School has started throughout the Sauk Valley, and officials are looking forward to the benefits of keeping more kids in classrooms through SHIELD testing.
SHIELD Illinois is a screening testing program that deploys the University of Illinois’ saliva test across the state, and more than 1,200 K-12 schools have signed on for the testing, funded by the CARES Act and the American Rescue Plan.
All districts are following IDPH guidance regarding quarantines, contact tracing, and requirements to return to school.
The Sterling School District began SHIELD testing this week, and they will be available from 11:30 a.m. to 12:15 p.m. on Tuesdays and 10 a.m. to 11 a.m. on Thursdays at the high school.
Superintendent Tad Everett said the testing allows students who have been in direct contact with a positive COVID-19 case to stay in school instead of having to be quarantined from class, activities and sports for 2 weeks.
The student would take a test every other day four times to stay in school, known as the “test to stay” option adopted by the Illinois Department of Public Health that regional schools have included in their return to learn plans.
The quarantine could cause hardship on parents having to take off work or find child care, he said.
“All the problems it created for parents and students last year, the SHIELD testing helps alleviate,” Everett said.
The district first implemented SHIELD testing in April, and it’s available to anyone. Those interested must make an appointment through the SHIELD portal online.
The Dixon School District offers Binax rapid antigen nasal swab testing, which began in January 2021, to parents who request it, and will implement SHIELD testing in the coming weeks.
Parents must opt-in or consent for their child to be saliva tested twice a week in order to be eligible to participate. SHIELD testing will allow students to not have to quarantine if they receive negative test results twice a week should they come into close contact with a symptomatic or positive person.
As of Sunday, the district reported three positive COVID-19 cases, but Superintendent Margo Empen said they didn’t have to quarantine additional parties because of layered mitigation measures and parents being proactive and not sending their children to school.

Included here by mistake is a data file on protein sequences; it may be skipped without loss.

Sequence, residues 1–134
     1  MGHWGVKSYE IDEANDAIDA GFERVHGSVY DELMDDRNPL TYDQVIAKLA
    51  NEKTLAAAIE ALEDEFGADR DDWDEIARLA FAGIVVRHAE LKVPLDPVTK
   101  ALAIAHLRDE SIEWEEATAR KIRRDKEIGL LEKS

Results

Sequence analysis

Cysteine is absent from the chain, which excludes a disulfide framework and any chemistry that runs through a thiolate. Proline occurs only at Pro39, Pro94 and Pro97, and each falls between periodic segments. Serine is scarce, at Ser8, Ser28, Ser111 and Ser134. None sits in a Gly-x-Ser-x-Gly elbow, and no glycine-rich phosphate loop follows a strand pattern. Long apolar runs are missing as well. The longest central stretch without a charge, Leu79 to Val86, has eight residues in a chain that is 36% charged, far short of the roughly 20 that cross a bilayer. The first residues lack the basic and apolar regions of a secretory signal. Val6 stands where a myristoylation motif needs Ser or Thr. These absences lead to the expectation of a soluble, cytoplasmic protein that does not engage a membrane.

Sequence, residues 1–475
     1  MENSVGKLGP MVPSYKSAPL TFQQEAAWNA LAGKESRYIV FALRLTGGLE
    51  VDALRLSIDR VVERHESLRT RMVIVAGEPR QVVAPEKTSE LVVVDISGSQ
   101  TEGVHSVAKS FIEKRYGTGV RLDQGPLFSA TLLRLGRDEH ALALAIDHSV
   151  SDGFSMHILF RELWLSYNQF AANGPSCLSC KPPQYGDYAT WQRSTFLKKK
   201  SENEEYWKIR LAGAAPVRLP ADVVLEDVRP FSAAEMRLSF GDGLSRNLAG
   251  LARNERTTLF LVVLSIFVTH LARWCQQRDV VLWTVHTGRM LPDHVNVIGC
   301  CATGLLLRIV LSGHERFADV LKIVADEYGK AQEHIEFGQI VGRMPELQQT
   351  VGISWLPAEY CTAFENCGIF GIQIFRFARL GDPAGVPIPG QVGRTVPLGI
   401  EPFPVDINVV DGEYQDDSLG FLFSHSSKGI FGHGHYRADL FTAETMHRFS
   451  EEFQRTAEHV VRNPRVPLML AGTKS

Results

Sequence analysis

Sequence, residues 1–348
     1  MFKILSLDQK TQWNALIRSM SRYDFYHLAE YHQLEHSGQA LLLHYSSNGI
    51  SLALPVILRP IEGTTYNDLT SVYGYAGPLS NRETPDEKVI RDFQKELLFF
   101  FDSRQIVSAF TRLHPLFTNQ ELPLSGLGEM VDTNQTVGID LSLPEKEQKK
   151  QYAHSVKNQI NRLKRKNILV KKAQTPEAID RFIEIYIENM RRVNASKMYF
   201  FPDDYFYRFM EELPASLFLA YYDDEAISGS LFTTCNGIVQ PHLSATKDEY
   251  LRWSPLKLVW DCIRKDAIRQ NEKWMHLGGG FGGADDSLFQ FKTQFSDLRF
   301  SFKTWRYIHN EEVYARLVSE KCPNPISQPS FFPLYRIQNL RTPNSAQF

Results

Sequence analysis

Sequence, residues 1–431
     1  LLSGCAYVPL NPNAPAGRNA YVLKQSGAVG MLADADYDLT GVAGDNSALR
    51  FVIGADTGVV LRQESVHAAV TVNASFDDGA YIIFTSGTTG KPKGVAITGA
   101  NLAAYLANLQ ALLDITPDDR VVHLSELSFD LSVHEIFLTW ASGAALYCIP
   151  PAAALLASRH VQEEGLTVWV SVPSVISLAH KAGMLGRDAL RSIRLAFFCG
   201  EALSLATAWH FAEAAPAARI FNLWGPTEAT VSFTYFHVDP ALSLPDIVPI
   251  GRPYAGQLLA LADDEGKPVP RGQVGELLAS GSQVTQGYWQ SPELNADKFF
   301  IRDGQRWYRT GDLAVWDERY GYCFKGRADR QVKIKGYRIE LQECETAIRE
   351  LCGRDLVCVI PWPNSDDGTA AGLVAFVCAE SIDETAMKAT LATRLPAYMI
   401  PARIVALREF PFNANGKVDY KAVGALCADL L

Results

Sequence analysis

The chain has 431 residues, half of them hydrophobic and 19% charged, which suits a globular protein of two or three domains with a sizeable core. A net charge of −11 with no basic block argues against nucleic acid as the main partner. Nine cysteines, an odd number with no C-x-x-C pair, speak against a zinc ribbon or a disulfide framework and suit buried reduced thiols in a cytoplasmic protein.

“Of course we don’t want anyone to be ill, but we are lucky and appreciative of the job done with our COVID layered mitigations,” she said.
Empen said they expect to implement SHIELD testing in mid- to late-September, and they will be training nurses for the testing protocol.
Rock Falls High School has the rapid antigen nasal swab testing and is working on getting SHIELD testing next month.
Once approved, RFHS will be conducting COVID SHIELD testing once a week. This screening will allow unvaccinated students to avoid or limit quarantine due to a close contact.
Testing will be offered to all students who have not had a COVID vaccination. Parents will be required to sign an Opt-Out form if they choose not to have their student tested.
Sauk Valley Community College
Sauk Valley Community College began offering SHIELD testing in March and was the first community college to open testing up to the public.
Testing is available from 8 a.m. to noon on Mondays, Wednesdays and Fridays. Go to svcc.edu/covid19 to schedule an appointment.
Everett said between testing at Sauk and at the high school, there’s community availability for testing 5 days a week, which is a great benefit to the area.
SHIELD Illinois COVID-19 testing is a lower-cost test option that provides quicker results than traditional testing. The saliva-based testing is not intrusive and does not require medically trained personnel to collect samples. The test is highly accurate and received emergency use authorization from the U.S. Food and Drug Administration on Feb. 24.